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Why LIC could pose a bigger threat to private players

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New Delhi, Feb 21: Amendments to the surplus/profit distribution rules for IPO-bound LIC, which has already improved its margins by 700 bps to 9.9 per cent and will further rise to 20 per cent when the national insurer shifts its business mix to non-participating policies, can give nightmares to private players who have been thriving on this segment for too long, says a report.

Why LIC could pose a bigger threat to private players

According to an analysis of its initial public offer (IPO) filings by Swiss brokerage Credit Suisse, SBI Life, ICICI Prudential, HDFC Life and Max Life will face the maximum impact of the LIC move.

The report notes that LIC's margin has already gone by up 700 bps to 9.9 per cent after the government amended LIC's surplus/profit distribution rules which allows it to make a 10 per cent shift in the business mix from participating policies to non-participating policies, which is only 4 per cent now, which can take its margins to 20 per cent, PTI reported.

This is based on the assumption a full transition to new surplus distribution from 100 per cent for non-participating policies now and 10 per cent for participating policies.

A participating (par) insurance policy provides both guaranteed and non-guaranteed benefits to policyholders in the form of bonus or dividend payouts, while a non-participating (non-par) policy typically provides guaranteed benefits to policyholders, but they do not receive profit or dividend payments.

Currently, LIC just has 4 per cent of its new business premium coming in from non-participating policies, while the same is for its the top five private sector peers range from 20 to 45 per cent.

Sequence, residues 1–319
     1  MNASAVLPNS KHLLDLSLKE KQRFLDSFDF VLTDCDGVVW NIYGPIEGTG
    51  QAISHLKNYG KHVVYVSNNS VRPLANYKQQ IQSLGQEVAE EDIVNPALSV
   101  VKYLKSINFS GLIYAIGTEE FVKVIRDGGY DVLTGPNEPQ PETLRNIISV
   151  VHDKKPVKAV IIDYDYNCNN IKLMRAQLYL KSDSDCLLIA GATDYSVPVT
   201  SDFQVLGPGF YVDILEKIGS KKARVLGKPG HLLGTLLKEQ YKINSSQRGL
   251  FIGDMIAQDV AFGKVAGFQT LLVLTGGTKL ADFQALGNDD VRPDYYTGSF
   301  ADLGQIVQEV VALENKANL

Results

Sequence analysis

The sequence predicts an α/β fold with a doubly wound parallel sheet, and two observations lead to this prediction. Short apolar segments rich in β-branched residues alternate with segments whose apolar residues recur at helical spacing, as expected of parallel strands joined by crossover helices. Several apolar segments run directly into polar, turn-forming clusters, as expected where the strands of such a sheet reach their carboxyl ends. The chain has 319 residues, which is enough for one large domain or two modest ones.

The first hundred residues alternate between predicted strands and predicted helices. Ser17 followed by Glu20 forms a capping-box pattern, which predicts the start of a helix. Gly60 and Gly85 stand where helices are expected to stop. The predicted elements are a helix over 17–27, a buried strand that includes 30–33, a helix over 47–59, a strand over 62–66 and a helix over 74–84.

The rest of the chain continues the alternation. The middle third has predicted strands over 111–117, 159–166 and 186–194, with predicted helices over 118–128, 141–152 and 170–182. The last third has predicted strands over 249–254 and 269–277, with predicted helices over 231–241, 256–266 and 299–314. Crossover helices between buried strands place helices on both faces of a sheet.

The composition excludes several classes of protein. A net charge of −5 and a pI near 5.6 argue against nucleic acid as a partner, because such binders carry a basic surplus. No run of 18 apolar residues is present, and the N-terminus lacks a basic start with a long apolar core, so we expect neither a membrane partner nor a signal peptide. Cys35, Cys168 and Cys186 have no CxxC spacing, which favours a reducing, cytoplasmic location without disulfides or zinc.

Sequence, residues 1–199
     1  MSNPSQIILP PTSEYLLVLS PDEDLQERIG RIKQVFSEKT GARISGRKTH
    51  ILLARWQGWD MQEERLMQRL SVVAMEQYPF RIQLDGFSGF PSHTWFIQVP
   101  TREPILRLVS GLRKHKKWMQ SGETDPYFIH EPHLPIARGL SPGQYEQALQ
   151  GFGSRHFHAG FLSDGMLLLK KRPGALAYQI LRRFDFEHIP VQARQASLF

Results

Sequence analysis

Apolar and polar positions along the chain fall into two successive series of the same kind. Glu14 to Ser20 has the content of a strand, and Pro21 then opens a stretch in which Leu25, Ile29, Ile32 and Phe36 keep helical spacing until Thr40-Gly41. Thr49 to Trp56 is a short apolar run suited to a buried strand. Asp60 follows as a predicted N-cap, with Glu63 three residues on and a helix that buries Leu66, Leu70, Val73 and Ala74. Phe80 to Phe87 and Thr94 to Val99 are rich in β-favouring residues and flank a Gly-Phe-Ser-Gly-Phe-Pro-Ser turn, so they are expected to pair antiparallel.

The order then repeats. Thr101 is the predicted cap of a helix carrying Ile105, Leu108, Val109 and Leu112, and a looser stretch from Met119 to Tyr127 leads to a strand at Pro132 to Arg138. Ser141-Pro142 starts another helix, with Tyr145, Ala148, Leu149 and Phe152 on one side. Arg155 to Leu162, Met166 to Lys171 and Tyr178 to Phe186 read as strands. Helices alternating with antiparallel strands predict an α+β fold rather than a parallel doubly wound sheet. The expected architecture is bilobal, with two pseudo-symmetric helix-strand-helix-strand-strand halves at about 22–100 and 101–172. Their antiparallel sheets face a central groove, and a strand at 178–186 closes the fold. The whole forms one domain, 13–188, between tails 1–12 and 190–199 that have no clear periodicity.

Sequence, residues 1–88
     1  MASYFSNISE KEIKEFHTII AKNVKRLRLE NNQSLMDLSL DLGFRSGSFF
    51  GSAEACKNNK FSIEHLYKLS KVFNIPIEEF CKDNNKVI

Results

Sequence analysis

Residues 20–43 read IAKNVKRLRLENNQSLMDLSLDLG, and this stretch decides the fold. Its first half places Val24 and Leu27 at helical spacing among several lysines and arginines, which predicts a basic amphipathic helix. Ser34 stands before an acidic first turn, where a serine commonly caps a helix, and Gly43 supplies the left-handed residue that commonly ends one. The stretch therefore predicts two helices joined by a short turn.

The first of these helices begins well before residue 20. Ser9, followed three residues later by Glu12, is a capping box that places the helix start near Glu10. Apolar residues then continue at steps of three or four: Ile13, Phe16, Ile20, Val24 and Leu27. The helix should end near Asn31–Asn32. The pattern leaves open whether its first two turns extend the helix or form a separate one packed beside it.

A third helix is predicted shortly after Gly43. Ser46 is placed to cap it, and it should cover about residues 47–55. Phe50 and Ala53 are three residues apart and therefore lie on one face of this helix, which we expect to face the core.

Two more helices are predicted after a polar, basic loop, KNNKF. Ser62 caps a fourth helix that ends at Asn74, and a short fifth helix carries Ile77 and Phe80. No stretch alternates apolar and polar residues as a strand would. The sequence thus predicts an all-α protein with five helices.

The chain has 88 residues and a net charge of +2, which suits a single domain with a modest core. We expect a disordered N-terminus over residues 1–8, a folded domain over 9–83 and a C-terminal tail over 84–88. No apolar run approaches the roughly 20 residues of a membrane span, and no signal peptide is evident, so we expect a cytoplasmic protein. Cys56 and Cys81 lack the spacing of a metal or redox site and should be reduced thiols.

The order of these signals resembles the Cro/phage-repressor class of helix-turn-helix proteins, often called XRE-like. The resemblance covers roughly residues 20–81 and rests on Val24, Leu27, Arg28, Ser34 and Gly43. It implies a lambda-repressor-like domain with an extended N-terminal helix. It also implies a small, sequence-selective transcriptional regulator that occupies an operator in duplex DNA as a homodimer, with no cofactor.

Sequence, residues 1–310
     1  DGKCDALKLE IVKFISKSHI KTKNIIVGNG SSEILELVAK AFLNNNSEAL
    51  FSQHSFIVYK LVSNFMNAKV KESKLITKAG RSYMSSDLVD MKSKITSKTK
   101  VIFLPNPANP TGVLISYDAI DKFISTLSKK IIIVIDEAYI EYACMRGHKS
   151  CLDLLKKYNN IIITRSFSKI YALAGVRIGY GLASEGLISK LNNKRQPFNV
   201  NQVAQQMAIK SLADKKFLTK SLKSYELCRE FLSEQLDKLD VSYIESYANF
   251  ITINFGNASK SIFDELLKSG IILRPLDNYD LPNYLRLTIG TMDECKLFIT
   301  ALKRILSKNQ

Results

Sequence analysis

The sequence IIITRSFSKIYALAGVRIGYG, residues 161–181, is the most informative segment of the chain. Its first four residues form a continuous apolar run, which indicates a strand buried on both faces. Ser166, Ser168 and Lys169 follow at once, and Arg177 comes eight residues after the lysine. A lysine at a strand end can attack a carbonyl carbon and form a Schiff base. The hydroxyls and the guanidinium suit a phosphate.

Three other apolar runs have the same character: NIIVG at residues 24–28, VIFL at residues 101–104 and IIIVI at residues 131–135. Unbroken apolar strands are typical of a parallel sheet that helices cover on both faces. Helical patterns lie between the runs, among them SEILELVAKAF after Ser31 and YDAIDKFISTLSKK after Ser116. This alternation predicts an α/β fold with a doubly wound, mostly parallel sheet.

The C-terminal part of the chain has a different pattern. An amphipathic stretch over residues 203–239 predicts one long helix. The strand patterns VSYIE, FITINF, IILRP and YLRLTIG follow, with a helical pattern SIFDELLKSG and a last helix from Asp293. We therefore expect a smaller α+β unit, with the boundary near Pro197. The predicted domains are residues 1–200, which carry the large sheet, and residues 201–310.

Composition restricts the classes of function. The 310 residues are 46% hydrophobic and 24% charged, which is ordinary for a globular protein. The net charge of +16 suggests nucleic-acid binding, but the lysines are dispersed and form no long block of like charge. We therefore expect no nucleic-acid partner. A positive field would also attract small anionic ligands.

LIC has 43 per cent market share in individual business.

Its filings highlight how its profitability has unshackled after demutualisation, wherein its embedded value (EV) rose 5x to Rs 5.4 lakh crore, taking its shareholder interest in the surplus to Rs 14.6 lakh crore from non-participating funds, which is 37 percent of its AUM.

Embedded value (EV) is a common valuation measure used by life insurance companies outside of North America to estimate the consolidated value of shareholders' interest in the company.

Incoming competition in non-par is a big risk to private players that derive a large share of profitability, which varies from 50 to 75 per cent from non-par, and have a disproportionately high share owing to LIC's legacy constraints, says the report.

The report goes on to add that LIC's non-par margins are superior to its own par business as well as private non-par margins.

Even after 21 years of liberalisation, LIC still has 66 per cent market share of the industry's new business premiums owing to its strong agency network of 1.3 million (7x of its private players), it noted.

LIC's AUM remains largest at 16x of the next player.

Within industry, new business premium or NBP and group business makes up 60 per cent and LIC dominates it with nearly 78 per cent market share.

In the individual business, LIC's market share by volumes remain broadly stable at 75 per cent, led by the domination in par segment.

However, in terms of NBP, LIC has been losing market share due to a poor presence in the high-ticket ULIPs and non-par category which offer pure protection, deferred annuities, etc where private players continue to dominate.


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